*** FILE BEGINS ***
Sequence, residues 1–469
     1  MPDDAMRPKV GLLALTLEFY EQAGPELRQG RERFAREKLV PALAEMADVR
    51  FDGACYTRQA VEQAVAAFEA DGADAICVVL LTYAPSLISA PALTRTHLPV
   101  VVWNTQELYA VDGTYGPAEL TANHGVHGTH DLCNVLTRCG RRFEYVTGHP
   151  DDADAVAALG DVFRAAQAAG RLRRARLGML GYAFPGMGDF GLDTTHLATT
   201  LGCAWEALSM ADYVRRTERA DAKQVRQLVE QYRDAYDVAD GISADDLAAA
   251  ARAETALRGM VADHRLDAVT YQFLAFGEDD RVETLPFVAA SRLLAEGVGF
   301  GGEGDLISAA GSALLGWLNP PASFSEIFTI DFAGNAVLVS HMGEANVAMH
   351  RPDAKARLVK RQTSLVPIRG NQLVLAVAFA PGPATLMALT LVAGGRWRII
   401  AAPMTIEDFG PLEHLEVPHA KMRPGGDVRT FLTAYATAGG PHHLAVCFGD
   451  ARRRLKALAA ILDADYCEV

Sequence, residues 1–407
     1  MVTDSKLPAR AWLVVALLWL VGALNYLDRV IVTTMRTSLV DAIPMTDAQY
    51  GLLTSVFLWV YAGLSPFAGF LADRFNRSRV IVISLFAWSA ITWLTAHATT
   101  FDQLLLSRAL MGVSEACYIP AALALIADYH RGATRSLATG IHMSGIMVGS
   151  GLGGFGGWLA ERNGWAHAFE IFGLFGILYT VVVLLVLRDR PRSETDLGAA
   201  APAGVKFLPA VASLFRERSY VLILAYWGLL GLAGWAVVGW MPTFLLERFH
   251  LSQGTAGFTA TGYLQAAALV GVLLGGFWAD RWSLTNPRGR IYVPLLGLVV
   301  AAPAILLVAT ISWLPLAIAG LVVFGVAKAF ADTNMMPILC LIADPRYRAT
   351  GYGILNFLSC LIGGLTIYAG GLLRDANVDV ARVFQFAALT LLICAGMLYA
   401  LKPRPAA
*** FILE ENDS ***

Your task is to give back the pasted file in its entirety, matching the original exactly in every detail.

Sequence, residues 1–469
     1  MPDDAMRPKV GLLALTLEFY EQAGPELRQG RERFAREKLV PALAEMADVR
    51  FDGACYTRQA VEQAVAAFEA DGADAICVVL LTYAPSLISA PALTRTHLPV
   101  VVWNTQELYA VDGTYGPAEL TANHGVHGTH DLCNVLTRCG RRFEYVTGHP
   151  DDADAVAALG DVFRAAQAAG RLRRARLGML GYAFPGMGDF GLDTTHLATT
   201  LGCAWEALSM ADYVRRTERA DAKQVRQLVE QYRDAYDVAD GISADDLAAA
   251  ARAETALRGM VADHRLDAVT YQFLAFGEDD RVETLPFVAA SRLLAEGVGF
   301  GGEGDLISAA GSALLGWLNP PASFSEIFTI DFAGNAVLVS HMGEANVAMH
   351  RPDAKARLVK RQTSLVPIRG NQLVLAVAFA PGPATLMALT LVAGGRWRII
   401  AAPMTIEDFG PLEHLEVPHA KMRPGGDVRT FLTAYATAGG PHHLAVCFGD
   451  ARRRLKALAA ILDADYCEV

Sequence, residues 1–407
     1  MVTDSKLPAR AWLVVALLWL VGALNYLDRV IVTTMRTSLV DAIPMTDAQY
    51  GLLTSVFLWV YAGLSPFAGF LADRFNRSRV IVISLFAWSA ITWLTAHATT
   101  FDQLLLSRAL MGVSEACYIP AALALIADYH RGATRSLATG IHMSGIMVGS
   151  GLGGFGGWLA ERNGWAHAFE IFGLFGILYT VVVLLVLRDR PRSETDLGAA
   201  APAGVKFLPA VASLFRERSY VLILAYWGLL GLAGWAVVGW MPTFLLERFH
   251  LSQGTAGFTA TGYLQAAALV GVLLGGFWAD RWSLTNPRGR IYVPLLGLVV
   301  AAPAILLVAT ISWLPLAIAG LVVFGVAKAF ADTNMMPILC LIADPRYRAT
   351  GYGILNFLSC LIGGLTIYAG GLLRDANVDV ARVFQFAALT LLICAGMLYA
   401  LKPRPAA